Vehicle-to-grid tech offers potentially lucrative market for EV fleet owners


A new report from the Australian Renewable Energy Agency (ARENA) reveals that using vehicle-to-grid (V2G) technology to provide Frequency Control Ancillary Services (FCAS) to the National Electricity Market (NEM) is a potentially lucrative way for fleet owners to monetise their electric vehicles (EVs).

The Insights from the Realising Electric Vehicle-to-Grid Services Project – Final Report comes after a two-year trial that explored the charging habits of EV drivers, the ability of EVs to provide grid ancillary services using V2G, and how EVs can provide a revenue stream for electric-fleet owners.

The Realising Electric Vehicle-to-Grid Services (REVS) project, launched in 2020, initially comprised 51 Nissan Leaf vehicles and 51 bidirectional Wallbox Quasar chargers across 11 buildings in Canberra. Data was however available for only 38 chargers, and discharge data was only available for 29 of them.

Sydney-headquartered research and advisory services Energeia was engaged to analyse the finding that included charger data, booking data, and the time stamps of grid events. This was then used to determine the economic value of using EVs in the FCAS market.

Energeia found that, based on 2022 data, the average EV could earn about $12,000 (USD 7,940) participating in the New South Wales (NSW) FCAS raise regulation market or about $2,600 in the NSW FCAS raise 60-second contingency market.

Similarly, the average vehicle could earn about $9,000 from participating in the NSW FCAS lower regulation market, or $2,000 from participating in the NSW FCAS lower 60-second contingency market.

Potential FCAS raise market revenue per vehicle (2022).

Image: ARENA

Energeia said the results indicate that V2G could potentially be earning thousands of dollars per vehicle in the FCAS market, with the prospect for much higher profits if more powerful chargers were utilised.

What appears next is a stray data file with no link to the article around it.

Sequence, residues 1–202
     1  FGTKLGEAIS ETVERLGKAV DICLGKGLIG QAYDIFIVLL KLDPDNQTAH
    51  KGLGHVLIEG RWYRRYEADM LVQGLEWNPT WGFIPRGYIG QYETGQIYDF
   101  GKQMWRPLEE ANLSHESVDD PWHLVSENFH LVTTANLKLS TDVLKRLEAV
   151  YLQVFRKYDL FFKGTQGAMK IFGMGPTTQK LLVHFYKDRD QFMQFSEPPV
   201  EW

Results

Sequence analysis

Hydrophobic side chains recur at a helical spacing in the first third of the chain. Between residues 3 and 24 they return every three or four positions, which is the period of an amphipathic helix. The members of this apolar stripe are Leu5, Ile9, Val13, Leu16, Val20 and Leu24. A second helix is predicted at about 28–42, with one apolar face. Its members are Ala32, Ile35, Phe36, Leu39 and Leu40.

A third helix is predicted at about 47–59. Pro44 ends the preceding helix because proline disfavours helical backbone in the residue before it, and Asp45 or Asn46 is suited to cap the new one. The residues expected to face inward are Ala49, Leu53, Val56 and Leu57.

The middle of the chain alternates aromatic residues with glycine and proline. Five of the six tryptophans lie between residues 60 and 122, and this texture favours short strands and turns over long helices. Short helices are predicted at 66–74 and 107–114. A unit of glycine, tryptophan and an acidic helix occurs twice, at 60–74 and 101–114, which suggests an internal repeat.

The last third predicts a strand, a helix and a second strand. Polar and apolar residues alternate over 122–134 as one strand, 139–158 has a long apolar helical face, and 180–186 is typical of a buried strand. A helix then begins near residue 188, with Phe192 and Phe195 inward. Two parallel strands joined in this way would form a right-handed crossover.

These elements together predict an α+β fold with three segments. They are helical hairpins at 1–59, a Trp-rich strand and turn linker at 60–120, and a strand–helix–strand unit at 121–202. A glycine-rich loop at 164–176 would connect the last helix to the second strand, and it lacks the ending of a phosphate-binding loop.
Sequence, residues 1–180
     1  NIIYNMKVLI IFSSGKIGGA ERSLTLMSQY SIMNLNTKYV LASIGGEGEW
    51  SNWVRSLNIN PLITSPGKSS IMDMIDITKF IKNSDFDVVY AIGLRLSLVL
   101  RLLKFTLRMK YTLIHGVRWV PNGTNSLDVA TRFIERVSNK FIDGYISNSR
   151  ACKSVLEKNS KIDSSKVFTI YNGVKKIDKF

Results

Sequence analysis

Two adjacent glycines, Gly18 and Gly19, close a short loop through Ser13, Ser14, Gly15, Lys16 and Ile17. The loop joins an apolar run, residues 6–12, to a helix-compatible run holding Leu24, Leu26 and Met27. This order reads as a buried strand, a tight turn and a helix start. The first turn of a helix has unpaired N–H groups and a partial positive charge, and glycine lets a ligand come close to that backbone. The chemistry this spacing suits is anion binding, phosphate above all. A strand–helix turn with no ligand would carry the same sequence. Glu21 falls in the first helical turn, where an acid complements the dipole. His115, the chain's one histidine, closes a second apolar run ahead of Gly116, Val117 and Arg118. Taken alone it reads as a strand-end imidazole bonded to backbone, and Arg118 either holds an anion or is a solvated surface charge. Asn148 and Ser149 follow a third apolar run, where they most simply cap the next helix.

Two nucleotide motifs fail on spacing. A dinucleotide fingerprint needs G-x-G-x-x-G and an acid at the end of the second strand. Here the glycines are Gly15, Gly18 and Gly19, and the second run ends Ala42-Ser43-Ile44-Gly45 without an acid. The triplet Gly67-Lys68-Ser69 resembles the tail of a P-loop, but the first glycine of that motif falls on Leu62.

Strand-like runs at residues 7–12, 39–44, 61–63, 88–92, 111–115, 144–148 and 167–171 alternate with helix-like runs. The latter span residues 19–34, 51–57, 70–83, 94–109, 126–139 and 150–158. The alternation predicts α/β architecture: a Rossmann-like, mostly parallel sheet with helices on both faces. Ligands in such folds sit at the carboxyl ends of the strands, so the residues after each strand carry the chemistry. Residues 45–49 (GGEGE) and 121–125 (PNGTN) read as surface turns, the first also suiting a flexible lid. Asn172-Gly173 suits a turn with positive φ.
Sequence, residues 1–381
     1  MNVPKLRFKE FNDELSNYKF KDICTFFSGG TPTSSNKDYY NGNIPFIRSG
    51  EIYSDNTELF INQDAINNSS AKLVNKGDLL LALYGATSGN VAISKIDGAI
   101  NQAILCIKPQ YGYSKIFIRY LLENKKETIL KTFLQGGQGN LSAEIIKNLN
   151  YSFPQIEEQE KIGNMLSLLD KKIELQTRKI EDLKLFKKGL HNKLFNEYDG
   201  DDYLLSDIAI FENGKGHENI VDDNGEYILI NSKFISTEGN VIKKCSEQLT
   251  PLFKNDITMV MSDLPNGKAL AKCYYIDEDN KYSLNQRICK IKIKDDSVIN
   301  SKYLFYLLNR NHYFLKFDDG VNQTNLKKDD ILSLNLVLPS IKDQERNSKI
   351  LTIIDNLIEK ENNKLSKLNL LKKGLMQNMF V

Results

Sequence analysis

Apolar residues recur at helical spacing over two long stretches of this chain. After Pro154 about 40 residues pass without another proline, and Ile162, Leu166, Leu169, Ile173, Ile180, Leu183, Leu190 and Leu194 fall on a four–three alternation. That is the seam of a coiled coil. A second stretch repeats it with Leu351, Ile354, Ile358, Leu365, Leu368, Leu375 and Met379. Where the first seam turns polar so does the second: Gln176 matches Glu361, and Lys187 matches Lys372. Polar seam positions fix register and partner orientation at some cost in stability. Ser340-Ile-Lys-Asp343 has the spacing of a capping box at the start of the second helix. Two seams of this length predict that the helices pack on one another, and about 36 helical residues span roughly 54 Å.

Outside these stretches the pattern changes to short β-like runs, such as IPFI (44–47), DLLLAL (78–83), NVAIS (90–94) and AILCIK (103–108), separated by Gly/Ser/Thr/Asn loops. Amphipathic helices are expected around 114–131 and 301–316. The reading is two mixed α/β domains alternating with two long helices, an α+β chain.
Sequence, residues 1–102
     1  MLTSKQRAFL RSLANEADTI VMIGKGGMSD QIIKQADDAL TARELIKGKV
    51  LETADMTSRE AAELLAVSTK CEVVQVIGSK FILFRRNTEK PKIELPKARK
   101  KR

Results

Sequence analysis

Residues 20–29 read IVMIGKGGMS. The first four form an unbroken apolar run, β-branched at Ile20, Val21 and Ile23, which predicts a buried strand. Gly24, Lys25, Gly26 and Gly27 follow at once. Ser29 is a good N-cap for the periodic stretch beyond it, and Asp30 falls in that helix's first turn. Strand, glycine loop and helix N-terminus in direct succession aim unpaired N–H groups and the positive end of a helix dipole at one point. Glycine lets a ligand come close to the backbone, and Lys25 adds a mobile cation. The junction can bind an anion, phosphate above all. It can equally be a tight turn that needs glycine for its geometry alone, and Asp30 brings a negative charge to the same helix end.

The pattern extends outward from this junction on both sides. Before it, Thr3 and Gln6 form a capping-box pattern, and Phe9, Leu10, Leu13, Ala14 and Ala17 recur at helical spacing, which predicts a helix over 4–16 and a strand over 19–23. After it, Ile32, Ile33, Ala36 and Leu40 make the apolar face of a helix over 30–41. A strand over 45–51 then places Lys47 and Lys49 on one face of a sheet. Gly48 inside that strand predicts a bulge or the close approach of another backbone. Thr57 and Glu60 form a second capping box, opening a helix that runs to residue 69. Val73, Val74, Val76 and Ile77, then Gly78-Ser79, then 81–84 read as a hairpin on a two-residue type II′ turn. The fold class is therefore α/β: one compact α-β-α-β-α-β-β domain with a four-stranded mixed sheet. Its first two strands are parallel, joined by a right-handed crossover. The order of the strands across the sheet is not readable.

“It is clear from the REVS trial data … that using V2G to provide FCAS to the grid has the potential to become a lucrative and cost-effective way for vehicle fleet owners to subsidise incorporation of EVs into their fleet,” it said.

Energeia said FCAS prices typically peaked in the late afternoon to early evening for the period observed, which aligned well with commercial vehicle availability.

“More than half of the discharging sessions started when the vehicle had an SOC of more than 90%, meaning that when FCAS were required, the vehicles were often fully charged,” the report says.

While some owners of EV fleets may be concerned that participation in the FCAS markets could result in drainage of vehicle batteries to a low level and have a significant impact on battery degradation, Energeia said this was not the case.

The total annual energy consumption of vehicles throughout the REVS trial was 18.4 MWh while the total energy exported from the EVs was 0.146 MWh, or 0.79% of total charging energy, highlighting how the trial vehicles were rarely called upon to provide FCAS services.

“The data shows little difference in starting and ending state of charge (SOC) during grid events, suggesting that contingency events require only a small amount of energy from these vehicles,” Energeia said in the report.

“This verifies that the number of FCAS events requiring energy to be drawn from EV batteries was minimal, suggesting low risk of premature battery degradation for EV owners participating in FCAS services.”

The REVS trial comprised a consortium of industry partners including Australian Capital Territory (ACT) electricity retailer ActewAGL, the Australian National University (ANU), JET Charge, Evoenergy, SG Fleet, the ACT government and Nissan.

Bjorn Sturmberg, Research Leader of ANU’s Battery Storage and Grid Integration Program, said V2G technology is available in a select number of mass market vehicles and chargers, and the maturity of the technology has already been demonstrated in overseas trials.

“EV batteries are large – roughly five times larger than household batteries, and when fully charged they typically store about as much energy as an average household uses over two to four days, so the national fleet of EV batteries could play a vital role in avoiding blackouts by jumping in to support the grid during disturbances, such as a fossil fuel generator trip,” he said.

The ANU is preparing a RoadMap for V2G, based on the REVS trial data.

ARENA Chief Executive Darren Miller said the agency would continue to focus on commercialising technologies than can aid the integration of EVs into the electricity system.

“Given its potential capability to provide similar services as household batteries, V2G has the opportunity to transform a vehicle into a revenue-generating device for consumers, through access to energy and network service markets and also to provide power solutions for the grid,” he said.

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